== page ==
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VenTree Venture Builder


VenTree is a “Venture Builder”, a parallel-founder, a startup-factory that organically ideates, creates, forms, and launches startup ventures.

VenTree is not a classic incubator or accelerator which, in exchange for a small share of equity, help third-party founders.

A comparison between startup-investing and the Venture Builder (VB) model:
VCs & Incubators

v. Venture Builders (VBs)

Choice of Portfolio Companies

VCs and incubators skim through third-party pitch decks and often invest in startups based on arbitrary principals and impulses.

VBs don’t invest in third-party startups but rather act as founders or majority co-founders.

Familiarity with the startup’s vision and strategy

The familiarity of a VC with the PortCo’s vision and strategy is limited to information derived from short pitches and occasional reports and communications.

VBs, as co/founders of their PortCos, participate in the conception, development, and evolution of the PortCo’s business models, vision, and strategy.

Familiarity with the PortCo’s daily operations, expenses, and traction

VCs only receive sporadic general updates from the founders and often learn of problems when it is too late to correct them.

VBs are intimately involved with every decision and are integrated with the executive teams of their PortCos.

Hiring and firing decisions

VCs have very limited sway with regard to hiring and firing decisions made by their PortCos.

VB have absolute and exclusive control of all hiring and firing decisions made by their PortCos.

Efficient use of resources

Shortly after being funded, VC PortCos must invest time and resources to recruit a large and expensive team and secure office space.

A VB startup gradually ramps up its use of resources. The VB lends its PortCos software engineers, executives, marketing, and other personnel on a “fractional” time-sharing basis. As the VB’s PortCo grows, it can hire and build its own dedicated team without pressure.

Risk to invested capital

One of every two VC PortCos, 50% of them, completely fail. VCs hand significant capital over to their PortCos and typically have no recourse when these PortCos fail.

VBs invest small sums as the startup grows and only if and when necessary and justified. VBs are thus able to cull failures and cut losses without risking significant capital.


Through multiple rounds, founders and CEOs of VC PortCos typically spend significant time seeking and pitching to potential investors.

VBs manage the entire fundraising process for their PortCos, leaving their PortCos’ executive teams free to focus on the PortCos’ business.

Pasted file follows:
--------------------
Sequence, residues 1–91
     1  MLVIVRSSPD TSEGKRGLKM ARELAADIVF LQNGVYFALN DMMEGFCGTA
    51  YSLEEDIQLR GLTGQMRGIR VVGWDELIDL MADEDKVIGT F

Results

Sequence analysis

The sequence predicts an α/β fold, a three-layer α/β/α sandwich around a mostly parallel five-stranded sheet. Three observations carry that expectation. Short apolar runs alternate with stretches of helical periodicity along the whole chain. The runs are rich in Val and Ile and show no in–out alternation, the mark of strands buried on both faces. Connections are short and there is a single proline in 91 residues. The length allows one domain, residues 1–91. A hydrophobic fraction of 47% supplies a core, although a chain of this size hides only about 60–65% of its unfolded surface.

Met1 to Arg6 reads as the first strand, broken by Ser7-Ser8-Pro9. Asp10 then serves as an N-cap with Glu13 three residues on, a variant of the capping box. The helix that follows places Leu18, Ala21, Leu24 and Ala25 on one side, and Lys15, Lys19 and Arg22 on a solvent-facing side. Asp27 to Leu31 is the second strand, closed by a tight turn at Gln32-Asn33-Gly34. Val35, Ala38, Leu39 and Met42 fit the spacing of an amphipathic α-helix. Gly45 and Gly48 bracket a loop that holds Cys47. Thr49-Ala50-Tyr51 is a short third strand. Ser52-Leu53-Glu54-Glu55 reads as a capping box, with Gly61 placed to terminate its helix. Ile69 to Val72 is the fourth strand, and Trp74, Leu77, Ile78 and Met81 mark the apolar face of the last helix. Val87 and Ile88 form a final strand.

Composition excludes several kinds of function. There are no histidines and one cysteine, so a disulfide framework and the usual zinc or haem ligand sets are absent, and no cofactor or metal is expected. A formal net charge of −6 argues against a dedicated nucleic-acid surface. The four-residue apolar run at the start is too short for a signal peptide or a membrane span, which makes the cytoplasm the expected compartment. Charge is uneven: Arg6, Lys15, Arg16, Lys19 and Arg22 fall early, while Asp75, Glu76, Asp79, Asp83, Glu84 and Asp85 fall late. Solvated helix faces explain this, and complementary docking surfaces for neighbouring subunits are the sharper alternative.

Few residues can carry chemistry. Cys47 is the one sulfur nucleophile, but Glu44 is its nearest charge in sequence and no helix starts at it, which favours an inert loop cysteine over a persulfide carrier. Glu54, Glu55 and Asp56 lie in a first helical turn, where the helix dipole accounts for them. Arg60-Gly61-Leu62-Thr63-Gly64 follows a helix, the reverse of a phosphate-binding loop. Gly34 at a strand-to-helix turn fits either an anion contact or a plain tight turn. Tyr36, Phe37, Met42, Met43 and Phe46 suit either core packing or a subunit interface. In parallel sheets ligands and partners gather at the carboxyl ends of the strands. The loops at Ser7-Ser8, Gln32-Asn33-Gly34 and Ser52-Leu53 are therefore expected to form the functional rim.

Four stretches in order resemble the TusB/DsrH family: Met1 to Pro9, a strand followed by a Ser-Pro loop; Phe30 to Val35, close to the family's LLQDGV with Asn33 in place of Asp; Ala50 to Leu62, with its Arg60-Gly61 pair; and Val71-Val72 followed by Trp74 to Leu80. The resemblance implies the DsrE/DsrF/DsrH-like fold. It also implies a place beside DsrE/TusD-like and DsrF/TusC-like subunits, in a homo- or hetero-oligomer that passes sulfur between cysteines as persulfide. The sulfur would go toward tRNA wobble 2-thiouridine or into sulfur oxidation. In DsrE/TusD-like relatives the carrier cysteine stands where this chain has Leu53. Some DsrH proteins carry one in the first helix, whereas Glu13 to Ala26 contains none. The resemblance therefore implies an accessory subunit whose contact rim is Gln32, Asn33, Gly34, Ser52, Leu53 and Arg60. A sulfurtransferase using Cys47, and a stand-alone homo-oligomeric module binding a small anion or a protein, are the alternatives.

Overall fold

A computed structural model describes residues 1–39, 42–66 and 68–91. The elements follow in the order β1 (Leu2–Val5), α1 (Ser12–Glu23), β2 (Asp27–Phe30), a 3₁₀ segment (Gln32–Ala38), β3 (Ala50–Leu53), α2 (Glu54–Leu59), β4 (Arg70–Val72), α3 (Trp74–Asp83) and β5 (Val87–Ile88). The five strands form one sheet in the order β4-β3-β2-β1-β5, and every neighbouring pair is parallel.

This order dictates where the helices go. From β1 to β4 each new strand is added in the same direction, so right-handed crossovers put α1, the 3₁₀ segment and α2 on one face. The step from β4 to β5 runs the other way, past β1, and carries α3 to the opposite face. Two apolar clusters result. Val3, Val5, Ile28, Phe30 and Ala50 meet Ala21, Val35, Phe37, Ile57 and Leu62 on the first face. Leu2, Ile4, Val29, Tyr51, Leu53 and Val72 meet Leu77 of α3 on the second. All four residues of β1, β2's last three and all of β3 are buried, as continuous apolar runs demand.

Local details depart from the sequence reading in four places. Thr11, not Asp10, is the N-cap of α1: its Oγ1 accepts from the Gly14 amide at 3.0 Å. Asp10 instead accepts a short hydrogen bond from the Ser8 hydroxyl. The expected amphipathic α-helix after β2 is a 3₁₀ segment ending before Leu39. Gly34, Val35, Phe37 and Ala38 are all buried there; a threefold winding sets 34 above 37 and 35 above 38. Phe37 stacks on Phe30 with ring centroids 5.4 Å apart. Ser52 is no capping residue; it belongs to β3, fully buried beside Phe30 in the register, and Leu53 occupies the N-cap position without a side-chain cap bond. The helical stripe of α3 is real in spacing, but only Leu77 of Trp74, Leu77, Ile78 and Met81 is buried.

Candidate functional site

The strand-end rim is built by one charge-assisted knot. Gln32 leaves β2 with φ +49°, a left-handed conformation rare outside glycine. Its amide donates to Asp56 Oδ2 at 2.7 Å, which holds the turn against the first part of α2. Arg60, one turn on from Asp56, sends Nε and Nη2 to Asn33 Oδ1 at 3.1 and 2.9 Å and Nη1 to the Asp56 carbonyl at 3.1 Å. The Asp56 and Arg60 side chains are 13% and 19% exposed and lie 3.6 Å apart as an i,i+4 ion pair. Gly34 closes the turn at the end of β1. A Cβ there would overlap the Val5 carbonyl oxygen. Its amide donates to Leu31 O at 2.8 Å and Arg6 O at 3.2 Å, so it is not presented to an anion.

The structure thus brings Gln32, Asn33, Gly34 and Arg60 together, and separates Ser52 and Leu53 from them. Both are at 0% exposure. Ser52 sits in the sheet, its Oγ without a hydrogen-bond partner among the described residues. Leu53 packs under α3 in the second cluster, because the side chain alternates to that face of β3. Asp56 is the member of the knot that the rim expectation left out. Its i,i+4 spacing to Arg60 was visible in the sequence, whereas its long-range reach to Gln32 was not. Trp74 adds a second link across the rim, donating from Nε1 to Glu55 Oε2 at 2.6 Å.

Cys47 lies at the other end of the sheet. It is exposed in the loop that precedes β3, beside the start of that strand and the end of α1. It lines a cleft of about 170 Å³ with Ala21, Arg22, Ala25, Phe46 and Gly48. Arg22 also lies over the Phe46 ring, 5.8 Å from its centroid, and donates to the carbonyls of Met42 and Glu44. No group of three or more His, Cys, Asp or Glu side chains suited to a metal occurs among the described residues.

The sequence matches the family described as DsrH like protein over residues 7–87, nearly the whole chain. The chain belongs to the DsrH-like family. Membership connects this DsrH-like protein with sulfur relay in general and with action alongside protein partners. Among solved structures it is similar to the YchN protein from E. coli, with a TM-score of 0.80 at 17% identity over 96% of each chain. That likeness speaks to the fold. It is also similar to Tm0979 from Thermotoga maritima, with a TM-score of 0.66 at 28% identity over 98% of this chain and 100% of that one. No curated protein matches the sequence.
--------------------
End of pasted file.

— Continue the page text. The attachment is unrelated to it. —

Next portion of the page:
Say in management of PortCos

VCs have a very limited role in the management of their PortCos.

VBs manage or oversee the management of their PortCos.

Say in exit-path plans

VCs have little-to-no influence over the exit plans and routes of their PortCos.

VBs have full and absolute control over the exit plans and routes of their PortCos.

Equity in PortCos

While VCs write bigger checks to their PortCos than VBs do, VCs receive only single-digit percentages of their PortCos’ equity. VCs’ equity in their PortCos is also subject to significant dilution unless they pay-to-play at exponentially increasing valuations.

VBs invest in their PortCos smaller amounts than VCs do and in smaller increments. VBs, as co/founders of their PortCos, own a majority Founder-Stake in each of their PortCos. VenTree, for example, holds a non-dilutable 51% Founder-Stake in each of its PortCos.


VCs invest in each round (Seed, A+) as part of a syndication. The syndicate, as a group, receives a small portion of the PortCo’s equity (typically 10%-25%) and participating VCs receive a pro rata fraction of the equity acquired by the syndicate in the round.

VenTree, as a co/founder of its PortCos, holds and maintains a majority (51% non-dilutable Founder-Stake) in each of its PortCos. Rather than having to share a small slice of the pie with syndication peers like VCs do, VenTree owns a majority of the pie.

Runaway valuations

VCs have to compete with thousands of other investors, resulting in a “seller’s market” for startups and runaway valuations, which increase the VCs’ risk exposure.

VBs, as co/founders and holders of majority Founder-Stakes in each of their PortCos, only stand to benefit from these rapidly increasing valuations.

Direct LP co-investment

VCs can offer their LPs direct or Side-Car investment opportunities in their PortCos but only Pro Rata to the VC’s limited equity investment in specific rounds in which the VC participates.

VB’s, as co/founders in control of their PortCos, have expanded discretion to offer their investors direct or Side-Car investment opportunities in current and future offerings (rounds) made by their PortCos. Investing in VenTree is akin to investing in a growing portfolio of co/founders (Founder-Stakes) and, simultaneously, in an open-ended Side-Car investing in a growing portfolio of PortCos.


In association with NYVC Ventures

The portfolio startups below are majority-owned and controlled subsidiaries of VenTree or of its affiliates:



“Innovation is change that unlocks new value.”

Jamie Notter

“The best way to predict the future is to create it.”

Dennis Gabor / Nigel Calder / Alan Kay

“Sometimes, when you innovate, you make mistakes; it is best to admit them quickly and get on with improving your other innovations.”

Steve Jobs